A Natural History of the Romance Novel

Pamela Regis argues that the romance novel, the most popular but least respected of literary genres, does not enslave women but celebrates their freedom and joy. Regis provides critics with an expanded vocabulary for discussing a genre that is both classic and contemporary, sexy and entertaining.

A Natural History of the Romance Novel

Pamela Regis

2003 | 240 pages | Cloth $24.95 | Paper $21.95
Literature
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Table of Contents

Preface: The Most Popular, Least Respected Literary Genre

PART I. CRITICS AND THE ROMANCE NOVEL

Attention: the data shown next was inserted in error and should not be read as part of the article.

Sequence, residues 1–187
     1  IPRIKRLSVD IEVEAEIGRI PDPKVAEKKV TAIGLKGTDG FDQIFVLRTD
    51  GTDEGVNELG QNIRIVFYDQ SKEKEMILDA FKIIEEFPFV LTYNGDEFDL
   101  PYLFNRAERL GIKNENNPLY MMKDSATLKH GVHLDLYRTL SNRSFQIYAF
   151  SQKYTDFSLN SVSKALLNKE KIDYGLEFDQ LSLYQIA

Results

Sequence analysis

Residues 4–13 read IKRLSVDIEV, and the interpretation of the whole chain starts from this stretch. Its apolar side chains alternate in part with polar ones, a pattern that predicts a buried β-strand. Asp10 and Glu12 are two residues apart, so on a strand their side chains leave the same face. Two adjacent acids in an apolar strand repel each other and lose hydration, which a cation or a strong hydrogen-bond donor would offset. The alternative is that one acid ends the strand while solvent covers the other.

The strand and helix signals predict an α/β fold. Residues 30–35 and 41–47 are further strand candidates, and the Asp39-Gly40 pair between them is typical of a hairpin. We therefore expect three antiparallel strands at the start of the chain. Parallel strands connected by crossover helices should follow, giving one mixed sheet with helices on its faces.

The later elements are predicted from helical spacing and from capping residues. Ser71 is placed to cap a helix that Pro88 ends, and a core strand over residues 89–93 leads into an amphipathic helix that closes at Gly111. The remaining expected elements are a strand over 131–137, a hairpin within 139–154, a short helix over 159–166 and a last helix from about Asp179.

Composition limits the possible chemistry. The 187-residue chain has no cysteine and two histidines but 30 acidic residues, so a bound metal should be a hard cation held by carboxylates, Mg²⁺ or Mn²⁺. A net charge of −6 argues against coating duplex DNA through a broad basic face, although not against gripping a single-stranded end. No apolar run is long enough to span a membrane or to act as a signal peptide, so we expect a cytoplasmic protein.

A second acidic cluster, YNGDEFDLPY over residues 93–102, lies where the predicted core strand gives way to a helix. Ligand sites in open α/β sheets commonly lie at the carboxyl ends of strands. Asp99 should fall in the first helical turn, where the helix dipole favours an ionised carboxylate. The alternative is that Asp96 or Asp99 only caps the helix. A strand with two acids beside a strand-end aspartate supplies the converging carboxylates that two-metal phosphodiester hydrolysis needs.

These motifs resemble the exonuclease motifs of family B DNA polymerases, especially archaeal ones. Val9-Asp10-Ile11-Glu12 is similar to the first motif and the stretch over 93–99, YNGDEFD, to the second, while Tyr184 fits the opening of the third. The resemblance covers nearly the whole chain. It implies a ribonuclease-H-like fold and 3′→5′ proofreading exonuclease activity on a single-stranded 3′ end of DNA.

1. The Romance Novel and Women's Bondage
2. In Defense of the Romance Novel

PART II. THE ROMANCE NOVEL DEFINED
3. The Definition
4. The Definition Expanded
5. The Genre's Limits

PART III. THE ROMANCE NOVEL, 1740-1908
6. Writing the Romance Novel's History
7. The First Best Seller: Pamela, 1740
8. The Best Romance Novel Ever Written: Pride and Prejudice, 1813
9. Freedom and Rochester: Jane Eyre, 1847
10. The Romance Form in the Victorian Multiplot Novel: Framley Parsonage, 1861
11. The Ideal Romance Novel: A Room with a View, 1908

PART IV. THE TWENTIETH CENTURY ROMANCE NOVEL
12. The Popular Romance Novel in the Twentieth Century
13. Civil Contracts: Georgette Heyer
14. Courtship and Suspense: Mary Stewart
15. Harlequin, Silhouette, and the Americanization of the Popular Romance Novel: Janet Dailey
16. Dangerous Men: Jayne Ann Krentz
17. One Man, One Woman: Nora Roberts

Conclusion

Works Cited
Index
Acknowledgments